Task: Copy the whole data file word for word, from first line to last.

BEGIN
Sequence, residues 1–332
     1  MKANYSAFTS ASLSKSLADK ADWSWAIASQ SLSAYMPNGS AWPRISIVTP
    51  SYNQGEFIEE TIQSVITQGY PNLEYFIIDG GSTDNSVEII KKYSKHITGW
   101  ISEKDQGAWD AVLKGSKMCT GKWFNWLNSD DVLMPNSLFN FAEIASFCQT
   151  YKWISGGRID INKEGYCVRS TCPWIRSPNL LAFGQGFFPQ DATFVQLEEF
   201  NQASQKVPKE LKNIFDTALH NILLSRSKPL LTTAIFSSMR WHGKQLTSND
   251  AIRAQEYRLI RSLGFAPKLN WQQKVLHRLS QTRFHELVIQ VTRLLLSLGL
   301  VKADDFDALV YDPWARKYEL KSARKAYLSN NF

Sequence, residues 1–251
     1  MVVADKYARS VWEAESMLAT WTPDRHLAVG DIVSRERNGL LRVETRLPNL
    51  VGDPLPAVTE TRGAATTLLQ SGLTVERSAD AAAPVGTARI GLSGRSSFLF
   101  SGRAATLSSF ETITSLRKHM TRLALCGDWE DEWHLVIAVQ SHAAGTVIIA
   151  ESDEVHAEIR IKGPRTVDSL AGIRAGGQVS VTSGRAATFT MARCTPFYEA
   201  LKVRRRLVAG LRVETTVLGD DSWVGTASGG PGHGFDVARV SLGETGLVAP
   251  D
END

Sequence, residues 1–332
     1  MKANYSAFTS ASLSKSLADK ADWSWAIASQ SLSAYMPNGS AWPRISIVTP
    51  SYNQGEFIEE TIQSVITQGY PNLEYFIIDG GSTDNSVEII KKYSKHITGW
   101  ISEKDQGAWD AVLKGSKMCT GKWFNWLNSD DVLMPNSLFN FAEIASFCQT
   151  YKWISGGRID INKEGYCVRS TCPWIRSPNL LAFGQGFFPQ DATFVQLEEF
   201  NQASQKVPKE LKNIFDTALH NILLSRSKPL LTTAIFSSMR WHGKQLTSND
   251  AIRAQEYRLI RSLGFAPKLN WQQKVLHRLS QTRFHELVIQ VTRLLLSLGL
   301  VKADDFDALV YDPWARKYEL KSARKAYLSN NF

Sequence, residues 1–251
     1  MVVADKYARS VWEAESMLAT WTPDRHLAVG DIVSRERNGL LRVETRLPNL
    51  VGDPLPAVTE TRGAATTLLQ SGLTVERSAD AAAPVGTARI GLSGRSSFLF
   101  SGRAATLSSF ETITSLRKHM TRLALCGDWE DEWHLVIAVQ SHAAGTVIIA
   151  ESDEVHAEIR IKGPRTVDSL AGIRAGGQVS VTSGRAATFT MARCTPFYEA
   201  LKVRRRLVAG LRVETTVLGD DSWVGTASGG PGHGFDVARV SLGETGLVAP
   251  D